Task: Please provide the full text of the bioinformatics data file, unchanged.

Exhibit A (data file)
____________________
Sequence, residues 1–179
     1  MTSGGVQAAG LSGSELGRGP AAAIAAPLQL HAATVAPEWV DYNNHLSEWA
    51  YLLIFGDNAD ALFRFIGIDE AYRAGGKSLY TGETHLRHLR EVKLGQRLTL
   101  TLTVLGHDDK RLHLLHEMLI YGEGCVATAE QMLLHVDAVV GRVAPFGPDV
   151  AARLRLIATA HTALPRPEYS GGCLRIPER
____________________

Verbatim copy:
Sequence, residues 1–179
     1  MTSGGVQAAG LSGSELGRGP AAAIAAPLQL HAATVAPEWV DYNNHLSEWA
    51  YLLIFGDNAD ALFRFIGIDE AYRAGGKSLY TGETHLRHLR EVKLGQRLTL
   101  TLTVLGHDDK RLHLLHEMLI YGEGCVATAE QMLLHVDAVV GRVAPFGPDV
   151  AARLRLIATA HTALPRPEYS GGCLRIPER